Mario Savio's speech before
the FSM sit-in
Editorial note: This is the conclusion of
Mario Savio's memorable speech, before Free Speech Movement demonstrators entered Sproul
Hall to begin their sit-in on December 3, 1964. His climactic words about "the
operation of the machine" have been quoted widely ever since, out of context, as the
existential emblem of the FSM. (Or mis-quoted, since he said "passively" rather
than "tacitly.") The beginning of Savio's talk -- about the technical details of
the failed negotiations and the administration's reprisal --has never been transcribed. We
hope to make it available soon, for it provides a fuller view of the balance of thought
and feeling in his speech, and in the FSM.
We have an
autocracy which runs this university. It's managed. We asked the following: if President
Kerr actually tried to get something more liberal out of the Regents in his telephone
conversation, why didn't he make some public statement to that effect? And the answer we
received -- from a well-meaning liberal -- was the following: He said, "Would you
ever imagine the manager of a firm making a statement publicly in opposition to his board
of directors?" That's the answer! Now, I ask you to consider: if this is a firm, and
if the Board of Regents are the board of directors, and if President Kerr in fact is the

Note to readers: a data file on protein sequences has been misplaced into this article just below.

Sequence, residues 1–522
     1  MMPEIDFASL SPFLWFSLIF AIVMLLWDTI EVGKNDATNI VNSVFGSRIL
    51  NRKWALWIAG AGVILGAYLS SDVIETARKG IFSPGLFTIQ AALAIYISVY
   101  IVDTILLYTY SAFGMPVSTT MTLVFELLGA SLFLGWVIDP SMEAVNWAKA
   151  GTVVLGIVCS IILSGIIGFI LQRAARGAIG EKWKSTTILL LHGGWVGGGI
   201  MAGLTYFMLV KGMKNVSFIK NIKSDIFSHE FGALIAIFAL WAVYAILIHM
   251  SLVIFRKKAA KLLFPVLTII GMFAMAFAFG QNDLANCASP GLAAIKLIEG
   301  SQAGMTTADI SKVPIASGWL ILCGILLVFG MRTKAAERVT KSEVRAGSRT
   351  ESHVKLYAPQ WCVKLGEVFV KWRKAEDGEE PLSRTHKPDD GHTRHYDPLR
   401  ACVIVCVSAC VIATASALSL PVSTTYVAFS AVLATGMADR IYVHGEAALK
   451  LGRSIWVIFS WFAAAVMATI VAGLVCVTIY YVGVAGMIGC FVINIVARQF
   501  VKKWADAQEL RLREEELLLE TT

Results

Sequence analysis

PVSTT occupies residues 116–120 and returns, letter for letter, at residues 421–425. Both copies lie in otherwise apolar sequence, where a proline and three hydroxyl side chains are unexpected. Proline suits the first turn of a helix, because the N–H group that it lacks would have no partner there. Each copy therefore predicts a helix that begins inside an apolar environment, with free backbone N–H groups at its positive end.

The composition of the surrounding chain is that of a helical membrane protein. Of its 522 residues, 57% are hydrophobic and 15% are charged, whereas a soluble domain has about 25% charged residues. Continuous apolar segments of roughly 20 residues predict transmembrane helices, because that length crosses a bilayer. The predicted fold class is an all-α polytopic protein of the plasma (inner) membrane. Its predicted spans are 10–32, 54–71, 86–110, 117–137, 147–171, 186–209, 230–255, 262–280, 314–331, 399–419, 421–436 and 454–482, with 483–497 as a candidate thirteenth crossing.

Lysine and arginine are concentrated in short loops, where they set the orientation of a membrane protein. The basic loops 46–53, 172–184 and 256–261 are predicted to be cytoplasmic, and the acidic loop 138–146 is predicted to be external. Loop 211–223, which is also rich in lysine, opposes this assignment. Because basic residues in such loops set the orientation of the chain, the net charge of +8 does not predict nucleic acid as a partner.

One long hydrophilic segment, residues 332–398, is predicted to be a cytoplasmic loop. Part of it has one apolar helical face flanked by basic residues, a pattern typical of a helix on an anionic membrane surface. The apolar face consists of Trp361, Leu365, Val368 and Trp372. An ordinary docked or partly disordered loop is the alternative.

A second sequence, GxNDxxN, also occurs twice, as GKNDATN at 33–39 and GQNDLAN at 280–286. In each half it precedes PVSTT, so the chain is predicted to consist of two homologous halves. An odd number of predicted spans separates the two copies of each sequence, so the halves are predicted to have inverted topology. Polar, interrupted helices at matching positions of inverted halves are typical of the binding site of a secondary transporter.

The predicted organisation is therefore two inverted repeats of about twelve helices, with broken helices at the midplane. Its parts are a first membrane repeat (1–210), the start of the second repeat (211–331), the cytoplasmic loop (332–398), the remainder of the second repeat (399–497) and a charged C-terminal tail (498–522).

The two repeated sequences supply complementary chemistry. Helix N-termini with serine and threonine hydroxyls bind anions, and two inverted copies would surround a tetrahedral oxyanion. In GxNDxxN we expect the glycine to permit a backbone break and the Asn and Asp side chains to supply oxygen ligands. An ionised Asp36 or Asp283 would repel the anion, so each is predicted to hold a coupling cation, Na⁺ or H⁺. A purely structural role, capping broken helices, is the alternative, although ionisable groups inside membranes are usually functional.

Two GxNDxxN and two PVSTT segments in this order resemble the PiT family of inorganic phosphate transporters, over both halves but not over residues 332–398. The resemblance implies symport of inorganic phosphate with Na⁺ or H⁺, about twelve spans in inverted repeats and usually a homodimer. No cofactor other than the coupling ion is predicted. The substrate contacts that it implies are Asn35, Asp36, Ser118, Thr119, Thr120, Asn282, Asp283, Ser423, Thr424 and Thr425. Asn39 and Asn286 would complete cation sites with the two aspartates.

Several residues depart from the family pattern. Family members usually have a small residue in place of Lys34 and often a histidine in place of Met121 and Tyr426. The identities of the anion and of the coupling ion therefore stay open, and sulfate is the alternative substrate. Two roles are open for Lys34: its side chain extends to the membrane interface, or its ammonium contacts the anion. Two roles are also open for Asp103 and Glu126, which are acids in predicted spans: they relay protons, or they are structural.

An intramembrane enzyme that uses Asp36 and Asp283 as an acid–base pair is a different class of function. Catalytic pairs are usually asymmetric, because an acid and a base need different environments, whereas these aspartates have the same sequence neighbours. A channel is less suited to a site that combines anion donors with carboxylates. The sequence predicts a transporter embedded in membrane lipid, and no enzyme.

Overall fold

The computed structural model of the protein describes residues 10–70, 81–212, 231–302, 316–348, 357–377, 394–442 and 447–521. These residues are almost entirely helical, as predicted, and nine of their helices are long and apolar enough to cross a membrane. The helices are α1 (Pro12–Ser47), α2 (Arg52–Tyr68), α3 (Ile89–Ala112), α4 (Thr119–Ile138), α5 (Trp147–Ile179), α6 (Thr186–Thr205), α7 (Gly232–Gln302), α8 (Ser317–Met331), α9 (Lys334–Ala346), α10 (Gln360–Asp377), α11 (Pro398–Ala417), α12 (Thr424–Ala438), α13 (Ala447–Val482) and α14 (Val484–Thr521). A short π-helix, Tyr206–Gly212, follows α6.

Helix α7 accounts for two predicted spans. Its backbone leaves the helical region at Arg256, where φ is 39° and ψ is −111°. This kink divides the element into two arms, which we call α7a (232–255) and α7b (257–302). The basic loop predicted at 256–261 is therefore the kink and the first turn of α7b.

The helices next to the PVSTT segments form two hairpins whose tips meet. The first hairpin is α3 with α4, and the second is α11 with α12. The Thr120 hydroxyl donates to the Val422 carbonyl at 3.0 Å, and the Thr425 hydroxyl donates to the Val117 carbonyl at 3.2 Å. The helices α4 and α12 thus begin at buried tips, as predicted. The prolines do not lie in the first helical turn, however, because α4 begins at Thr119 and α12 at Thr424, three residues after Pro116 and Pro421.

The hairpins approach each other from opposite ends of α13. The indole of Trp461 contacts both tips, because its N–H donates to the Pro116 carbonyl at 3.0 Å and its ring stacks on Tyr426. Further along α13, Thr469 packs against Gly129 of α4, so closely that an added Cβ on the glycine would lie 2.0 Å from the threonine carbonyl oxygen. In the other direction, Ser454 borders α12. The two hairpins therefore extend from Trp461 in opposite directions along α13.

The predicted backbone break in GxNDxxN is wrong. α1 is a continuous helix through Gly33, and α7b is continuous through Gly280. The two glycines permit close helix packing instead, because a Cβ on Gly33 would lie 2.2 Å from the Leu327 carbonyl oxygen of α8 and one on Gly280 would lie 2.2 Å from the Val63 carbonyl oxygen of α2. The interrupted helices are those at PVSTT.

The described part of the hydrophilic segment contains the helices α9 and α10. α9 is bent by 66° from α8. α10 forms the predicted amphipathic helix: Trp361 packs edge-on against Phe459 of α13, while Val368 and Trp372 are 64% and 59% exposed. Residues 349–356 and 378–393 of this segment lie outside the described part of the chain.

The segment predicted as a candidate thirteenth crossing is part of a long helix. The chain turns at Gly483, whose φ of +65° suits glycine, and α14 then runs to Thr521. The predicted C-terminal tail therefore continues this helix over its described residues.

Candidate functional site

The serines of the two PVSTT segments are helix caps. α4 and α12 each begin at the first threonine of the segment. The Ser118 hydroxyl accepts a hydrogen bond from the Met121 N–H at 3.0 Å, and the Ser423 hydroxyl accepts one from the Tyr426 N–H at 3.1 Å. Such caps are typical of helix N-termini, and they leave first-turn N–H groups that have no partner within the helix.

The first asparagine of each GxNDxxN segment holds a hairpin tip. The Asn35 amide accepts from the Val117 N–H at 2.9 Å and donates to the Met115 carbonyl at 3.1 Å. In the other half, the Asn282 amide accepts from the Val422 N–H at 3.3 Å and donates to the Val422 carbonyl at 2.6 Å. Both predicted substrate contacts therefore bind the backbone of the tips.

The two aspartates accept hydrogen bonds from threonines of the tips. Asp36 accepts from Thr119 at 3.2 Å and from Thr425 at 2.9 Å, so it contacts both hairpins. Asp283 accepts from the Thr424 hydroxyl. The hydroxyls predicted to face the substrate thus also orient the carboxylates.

manager, then I'll tell you something: the faculty are a bunch of employees, and we're the
raw material! But we're a bunch of raw material[s] that don't mean to have any process
upon us, don't mean to be made into any product, don't mean to end up being bought by some
clients of the University, be they the government, be they industry, be they organized
labor, be they anyone! We're human beings!
There is a time
when the operation of the machine becomes so odious, makes you so sick at heart, that you
can't take part; you can't even passively take part, and you've got to put your bodies
upon the gears and upon the wheels, upon the levers, upon all the apparatus, and you've
got to make it stop. And you've got to indicate to the people who run it, to the people
who own it, that unless you're free, the machine will be prevented from working at all!
Now, no more
talking. We're going to march in singing "We Shall Overcome." Slowly; there are
a lot of us. Up here to the left -- I didn't mean the pun.